Keeping the language common among manufacturers is critical to making motors interchangeable The U. S. motor industry has worked on a standardized basis for more than three-quarters of a century. The standardization agency — National Electrical Manufacturers Association (NEMA) — was established in 1926 “… to promote the standardization of electrical apparatus and supplies. ” As a result of this group’s efforts, you can expect “standard” motors from different manufacturers to meet or exceed minimum performance parameters and, for the most part, be about the same size.
A critical part of making motors interchangeable is ensuring that nameplate information is common among manufacturers. The common language of the motor nameplate enables installation and maintenance personnel to quickly understand and recognize exactly what type of motor they’re dealing with during a new installation or replacement procedure. The NEC states that the motor nameplate must show the following information: * Rated voltage or voltages * Rated full-load amps for each voltage level * Frequency * Phase * Rated full-load speed * Insulation class and rated ambient temperature Rated horsepower * Time rating * Locked-rotor code letter * Manufacturer’s name and address In addition to this required information, motor nameplates may also include data like frame size, NEMA design letter, service factor, full-load efficiency, and power factor. Finally, some nameplates may even include data like bearing identification numbers, certification code, manufacturer serial number, and symbols and logos. Basic nameplate data. In order to fully understand the details presented on motor nameplates we’ll examine each of these items more closely and explain its importance.
Rated voltage — Motors are designed to yield optimal performance when operating at a specific voltage level, or a combination of voltage levels in the case of dual-voltage or tri-voltage motors. This value is known as the nameplate voltage. In recognition of the fact that voltage changes on your power distribution system occur due to changing load conditions within your facility and on the utility supply that feeds your facility, motors are designed with a 10% tolerance for voltage above and below the rated nameplate value.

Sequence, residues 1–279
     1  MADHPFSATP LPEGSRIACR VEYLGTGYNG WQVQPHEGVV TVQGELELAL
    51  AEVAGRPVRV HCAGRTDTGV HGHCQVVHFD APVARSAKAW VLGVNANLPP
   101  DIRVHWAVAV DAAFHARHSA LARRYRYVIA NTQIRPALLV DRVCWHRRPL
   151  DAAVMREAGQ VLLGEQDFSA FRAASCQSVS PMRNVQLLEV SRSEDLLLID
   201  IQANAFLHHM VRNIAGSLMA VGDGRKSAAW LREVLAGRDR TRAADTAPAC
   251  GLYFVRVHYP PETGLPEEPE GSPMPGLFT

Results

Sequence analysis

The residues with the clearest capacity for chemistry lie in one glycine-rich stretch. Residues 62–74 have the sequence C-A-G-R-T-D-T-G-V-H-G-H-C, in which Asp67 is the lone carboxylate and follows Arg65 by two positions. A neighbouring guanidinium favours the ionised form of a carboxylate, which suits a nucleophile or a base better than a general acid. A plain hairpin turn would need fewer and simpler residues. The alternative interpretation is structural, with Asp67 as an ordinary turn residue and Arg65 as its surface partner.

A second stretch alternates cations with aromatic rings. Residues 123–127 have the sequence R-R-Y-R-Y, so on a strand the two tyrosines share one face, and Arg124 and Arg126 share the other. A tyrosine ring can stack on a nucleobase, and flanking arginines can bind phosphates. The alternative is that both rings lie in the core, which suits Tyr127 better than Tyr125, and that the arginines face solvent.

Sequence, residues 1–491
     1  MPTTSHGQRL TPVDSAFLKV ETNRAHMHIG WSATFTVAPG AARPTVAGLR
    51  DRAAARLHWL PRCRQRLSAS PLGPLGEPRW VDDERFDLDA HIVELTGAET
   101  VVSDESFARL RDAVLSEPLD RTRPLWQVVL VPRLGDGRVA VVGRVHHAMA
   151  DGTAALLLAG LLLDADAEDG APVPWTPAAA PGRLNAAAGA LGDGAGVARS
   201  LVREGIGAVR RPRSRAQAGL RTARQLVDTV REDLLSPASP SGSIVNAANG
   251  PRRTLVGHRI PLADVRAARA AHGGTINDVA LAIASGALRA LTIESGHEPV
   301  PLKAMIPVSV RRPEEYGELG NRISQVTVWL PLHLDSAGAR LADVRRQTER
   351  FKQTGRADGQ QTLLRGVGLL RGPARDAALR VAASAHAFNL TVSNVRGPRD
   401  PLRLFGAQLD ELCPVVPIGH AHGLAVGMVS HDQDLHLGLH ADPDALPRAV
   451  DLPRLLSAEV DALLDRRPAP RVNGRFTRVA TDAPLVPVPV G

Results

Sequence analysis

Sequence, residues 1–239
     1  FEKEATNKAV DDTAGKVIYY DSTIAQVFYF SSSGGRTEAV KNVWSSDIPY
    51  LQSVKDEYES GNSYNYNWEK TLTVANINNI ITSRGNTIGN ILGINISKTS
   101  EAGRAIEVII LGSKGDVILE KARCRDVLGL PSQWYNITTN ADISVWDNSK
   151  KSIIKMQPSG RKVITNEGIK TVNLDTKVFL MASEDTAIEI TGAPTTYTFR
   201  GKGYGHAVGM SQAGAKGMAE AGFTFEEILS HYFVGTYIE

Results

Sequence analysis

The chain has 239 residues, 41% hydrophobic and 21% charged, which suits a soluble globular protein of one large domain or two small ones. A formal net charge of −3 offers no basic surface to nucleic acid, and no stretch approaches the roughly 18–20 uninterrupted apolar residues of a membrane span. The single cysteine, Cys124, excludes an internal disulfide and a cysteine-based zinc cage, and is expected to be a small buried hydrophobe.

Thus, a motor with a rated nameplate voltage of 460V should be expected to operate successfully between 414V and 506V. Rated full-load amperage — As the torque load on a motor increases, the amperage required to power the motor also increases. When the full-load torque and horsepower is reached, the corresponding amperage is known as the full-load amperage (FLA). This value is determined by laboratory tests; the value is usually rounded up slightly and recorded as the nameplate value.
Rounding up allows for manufacturing variations that can occur and some normal voltage variations that might increase the full-load amps of the motor. The nameplate FLA is used to select the correct wire size, motor starter, and overload protection devices necessary to serve and protect the motor. Frequency — To operate successfully, the motor frequency must match the power system (supply) frequency. In North America, this frequency is 60 Hz (cycles). In other parts of the world, the frequency may be 50 or 60 Hz. Phase — This concept is fairly simple in the United States.
You either have a single-phase or 3-phase motor. Rated full-load speed — This is the motor’s approximate speed under full-load conditions, when voltage and frequency are at the rated values. A somewhat lower value than the actual laboratory test result figures is usually stamped on the nameplate because this value can change slightly due to factors like manufacturing tolerances, motor temperature, and voltage variations. On standard induction motors, the full-load speed is typically 96% to 99% of the no-load speed.
Insulation class and rated ambient temperature — A critical element in motor life is the maximum temperature that occurs at the hottest spot in the motor. The temperature that occurs at that spot is a combination of motor design (temperature rise) and the ambient (surrounding) temperature. The standard way of indicating these components is by showing the allowable maximum ambient temperature, usually 40°C (104°F), and the class of insulation used in the design of the motor. Available classes are B, F, and H. Rated horsepower — Horsepower is the measure of how much work a motor can be expected to do.
This value is based on the motor’s full-load torque and full-load speed ratings and is calculated as follows: Horsepower (hp)=[Motor Speed? Torque (lb-ft)]? 5,250 The standardized NEMA table of motor horsepower ratings runs from 1 hp to 450 hp. If a load’s actual horsepower requirement falls between two standard horsepower ratings, you should generally select the larger size motor for your application. Time rating — Standard motors are rated for continuous duty (24/7) at their rated load and maximum ambient temperature.